Before planning cloud migration, organisations must have their security control policies and procedures in place. The security strategy should ensure unified policy enforcements and procedures for secure access to information across cloud environments. These policies should govern access and control regardless of whether the security gateways and services being used reside on-premise or in the cloud.
Another important aspect of security is to determine the regulatory and compliance requirements when data gets transmitted between various cloud and physical network environments. Organisations need to plan ahead to stay compliant and to secure the infrastructure. They also need to plan the right security solutions when they migrate their applications to the cloud.
Implementing several security tools will have to be considered when the area of attack increases post-migration. Apart from firewalls, solutions such as Web application firewalls, intrusion prevention and detection systems, privileged identity management, dual factor authentication, cloud access security broker, etc, will have to be implemented. Existing security programs would have to be revised to include risk management, business continuity and disaster recovery plans, incident handling, security assessments, security awareness and training, and secure cloud deployment. Implementing life cycle management like logging and monitoring of audit trails, encryption of data, vulnerability assessment, penetration testing and periodic security assessments should be taken into consideration.
Performance considerations of cloud migration strategy
For cloud-hosted applications to meet performance requirements, the bandwidth availability should be investigated. While local networks require a minimum of 100Mbps, the bandwidth availability changes drastically after migration, depending on the tier, package and local Internet bandwidth, making only about 2Mbps to 10Mbps available for the purpose. The organisation will therefore need to understand the data flow for considering appropriate bandwidth requirements for its IT infrastructure.
If not properly done, this could result in latency and unmet business application requirements. Organisations should hence use network modelling tools for evaluating the current application performance, and identify areas of improvement to facilitate better performance after executing cloud migration.
Cost considerations of cloud migration strategy
The cost incurred for cloud migration is yet another important consideration. There are three aspects to this – studying the current on-premise costs, estimation of costs in the cloud, and the costs incurred for the migration activity itself.
An assessment of the direct costs (example: hardware and software costs, software licence costs, maintenance contract costs, warranty, supplies, etc) and indirect costs (example: loss of revenue due to outages) associated with maintaining the on-premise infrastructure over time needs to be carried out. Top cloud providers supply pricing calculators to help with the financial estimation of cloud infrastructure costs.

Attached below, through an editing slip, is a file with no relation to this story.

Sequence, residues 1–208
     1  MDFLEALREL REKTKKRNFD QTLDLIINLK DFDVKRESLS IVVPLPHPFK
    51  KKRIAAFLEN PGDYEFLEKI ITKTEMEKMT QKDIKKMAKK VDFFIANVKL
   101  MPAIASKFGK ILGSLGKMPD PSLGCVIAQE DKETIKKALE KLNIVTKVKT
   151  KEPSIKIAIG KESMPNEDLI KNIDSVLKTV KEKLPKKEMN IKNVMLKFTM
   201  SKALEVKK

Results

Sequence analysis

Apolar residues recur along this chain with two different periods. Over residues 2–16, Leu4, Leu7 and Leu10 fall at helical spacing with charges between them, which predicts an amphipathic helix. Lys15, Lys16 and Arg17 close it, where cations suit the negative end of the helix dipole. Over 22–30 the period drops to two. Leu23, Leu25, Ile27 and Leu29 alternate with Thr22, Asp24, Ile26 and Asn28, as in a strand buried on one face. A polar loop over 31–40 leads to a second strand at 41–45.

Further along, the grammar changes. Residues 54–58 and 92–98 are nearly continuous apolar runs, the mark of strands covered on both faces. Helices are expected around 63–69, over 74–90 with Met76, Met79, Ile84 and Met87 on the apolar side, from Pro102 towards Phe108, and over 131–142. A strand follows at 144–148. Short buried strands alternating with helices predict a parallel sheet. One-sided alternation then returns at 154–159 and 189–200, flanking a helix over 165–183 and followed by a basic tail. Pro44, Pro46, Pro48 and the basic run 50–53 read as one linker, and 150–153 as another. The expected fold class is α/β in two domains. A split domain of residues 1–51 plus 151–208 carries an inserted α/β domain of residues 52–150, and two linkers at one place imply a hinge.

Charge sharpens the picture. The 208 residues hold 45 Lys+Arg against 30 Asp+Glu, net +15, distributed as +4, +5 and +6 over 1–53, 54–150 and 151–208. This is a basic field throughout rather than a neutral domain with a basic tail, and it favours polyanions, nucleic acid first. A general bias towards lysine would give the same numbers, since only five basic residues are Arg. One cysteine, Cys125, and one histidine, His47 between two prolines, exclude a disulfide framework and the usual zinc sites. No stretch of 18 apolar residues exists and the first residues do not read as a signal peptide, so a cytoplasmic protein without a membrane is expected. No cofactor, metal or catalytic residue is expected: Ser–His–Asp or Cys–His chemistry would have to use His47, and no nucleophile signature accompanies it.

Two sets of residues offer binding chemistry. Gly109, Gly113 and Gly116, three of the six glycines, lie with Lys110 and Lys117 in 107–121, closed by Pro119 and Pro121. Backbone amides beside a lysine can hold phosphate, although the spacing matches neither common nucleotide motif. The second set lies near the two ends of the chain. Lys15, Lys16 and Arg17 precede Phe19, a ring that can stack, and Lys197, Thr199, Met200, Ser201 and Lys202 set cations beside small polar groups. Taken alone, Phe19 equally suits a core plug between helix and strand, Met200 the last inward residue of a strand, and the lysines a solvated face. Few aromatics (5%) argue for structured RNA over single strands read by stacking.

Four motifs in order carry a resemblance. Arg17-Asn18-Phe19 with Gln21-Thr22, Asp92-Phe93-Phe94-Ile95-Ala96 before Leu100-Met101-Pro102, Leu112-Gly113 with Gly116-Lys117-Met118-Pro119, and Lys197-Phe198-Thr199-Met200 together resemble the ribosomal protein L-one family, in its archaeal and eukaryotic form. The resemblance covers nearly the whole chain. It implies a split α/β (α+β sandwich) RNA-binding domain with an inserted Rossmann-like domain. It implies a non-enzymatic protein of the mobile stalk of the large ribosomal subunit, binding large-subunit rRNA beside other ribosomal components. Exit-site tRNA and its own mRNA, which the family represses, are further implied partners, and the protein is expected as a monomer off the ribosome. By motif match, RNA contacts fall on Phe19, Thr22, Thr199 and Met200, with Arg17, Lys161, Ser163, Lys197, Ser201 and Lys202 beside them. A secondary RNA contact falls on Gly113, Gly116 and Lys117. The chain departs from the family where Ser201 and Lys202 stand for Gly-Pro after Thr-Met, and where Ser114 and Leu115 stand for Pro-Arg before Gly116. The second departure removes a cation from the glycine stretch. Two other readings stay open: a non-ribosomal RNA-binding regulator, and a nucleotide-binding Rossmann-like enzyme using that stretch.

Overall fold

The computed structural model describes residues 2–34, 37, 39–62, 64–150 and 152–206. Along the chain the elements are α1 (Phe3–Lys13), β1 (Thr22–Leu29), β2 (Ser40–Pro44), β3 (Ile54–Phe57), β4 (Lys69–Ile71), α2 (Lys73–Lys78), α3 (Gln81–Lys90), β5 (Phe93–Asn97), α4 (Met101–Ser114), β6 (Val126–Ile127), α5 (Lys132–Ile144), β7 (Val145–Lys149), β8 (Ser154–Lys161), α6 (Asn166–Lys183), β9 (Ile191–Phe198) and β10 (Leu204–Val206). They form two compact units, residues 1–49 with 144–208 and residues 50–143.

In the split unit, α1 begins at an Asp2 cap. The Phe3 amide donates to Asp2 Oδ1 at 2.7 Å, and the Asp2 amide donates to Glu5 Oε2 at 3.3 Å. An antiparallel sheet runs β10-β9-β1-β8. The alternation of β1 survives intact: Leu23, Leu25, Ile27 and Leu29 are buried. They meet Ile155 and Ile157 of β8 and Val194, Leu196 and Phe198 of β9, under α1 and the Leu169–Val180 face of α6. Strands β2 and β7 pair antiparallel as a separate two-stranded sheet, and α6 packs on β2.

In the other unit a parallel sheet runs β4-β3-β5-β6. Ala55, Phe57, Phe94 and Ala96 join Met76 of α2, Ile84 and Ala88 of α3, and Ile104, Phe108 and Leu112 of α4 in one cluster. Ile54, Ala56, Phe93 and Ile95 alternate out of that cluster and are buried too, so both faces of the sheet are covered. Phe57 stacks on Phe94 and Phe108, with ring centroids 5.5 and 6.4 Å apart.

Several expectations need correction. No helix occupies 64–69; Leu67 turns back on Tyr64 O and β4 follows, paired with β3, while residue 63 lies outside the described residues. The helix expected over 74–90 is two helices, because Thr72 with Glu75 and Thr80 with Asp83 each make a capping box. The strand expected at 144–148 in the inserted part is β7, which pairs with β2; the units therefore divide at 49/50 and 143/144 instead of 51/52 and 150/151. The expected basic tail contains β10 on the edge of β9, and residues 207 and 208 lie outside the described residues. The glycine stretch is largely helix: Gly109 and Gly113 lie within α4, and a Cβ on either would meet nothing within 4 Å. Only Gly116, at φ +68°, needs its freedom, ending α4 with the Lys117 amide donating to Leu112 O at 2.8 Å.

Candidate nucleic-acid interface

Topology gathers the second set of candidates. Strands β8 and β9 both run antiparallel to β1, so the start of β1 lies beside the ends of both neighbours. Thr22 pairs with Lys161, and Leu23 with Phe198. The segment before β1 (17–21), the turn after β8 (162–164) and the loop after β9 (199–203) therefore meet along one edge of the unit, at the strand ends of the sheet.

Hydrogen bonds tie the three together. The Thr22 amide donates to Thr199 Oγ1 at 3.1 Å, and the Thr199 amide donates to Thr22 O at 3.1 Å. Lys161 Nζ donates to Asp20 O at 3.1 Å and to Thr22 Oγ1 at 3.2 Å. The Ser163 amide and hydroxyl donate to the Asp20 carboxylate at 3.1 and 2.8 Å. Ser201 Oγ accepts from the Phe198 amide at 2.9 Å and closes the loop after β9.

The cloud migration costs relate to using the Internet or appliances to move data from on-premise to the cloud. In addition, labour costs also have to be accounted for. Having all this information handy during the planning phase helps determine the appropriate strategy for migration.
Cloud migration tools
There are many commercial and open source tools that help with the planning and execution of a cloud migration strategy. They provide services to transfer data to the cloud using the public Internet, private networks and offline transactions. There are also tools that help plan and track the progress of the cloud migration process. AWS, Google and Microsoft have services like AWS Migration Hub, AWS Snowball, Google Cloud Data Transfer Service and Azure Migrate, respectively, to help with migration. Third party vendors like Racemi, RiverMeadow, CloudVelox, etc, also offer products for the same.
The open source community offers tools that are free or low cost alternatives and can be easily customised. Some commercial products are built on top of open source products, and offer limited versions for download. If the migration is not large or complex, open source is a viable option.
Some popular open source tools for cloud migration are Apache Nifi, Clover ETL, Myddleware, Pentaho, Talend Open Studio, etc. To choose the right tool, it is necessary to consider its cost, security features available, supported data models, and the data transformation features to cleanse and enrich the data.
Cloud adoption by enterprises is increasingly common these days. Many firms are leveraging multiple clouds for cost-effective alternatives. Multiple cloud adoption strategies allow for mixing and matching applications to the cloud infrastructure that best suit the specific workload.
The major driver that influences cloud migration today is innovation-driven and customer experience-centric digital transformation. Another major factor is the Internet of Things that aims at connecting devices and humans to collect and act on data in myriad ways.
Understanding cloud migration drivers and evaluating various considerations during the planning stages helps ensure that the business adds long-term value by adopting the right cloud migration strategy.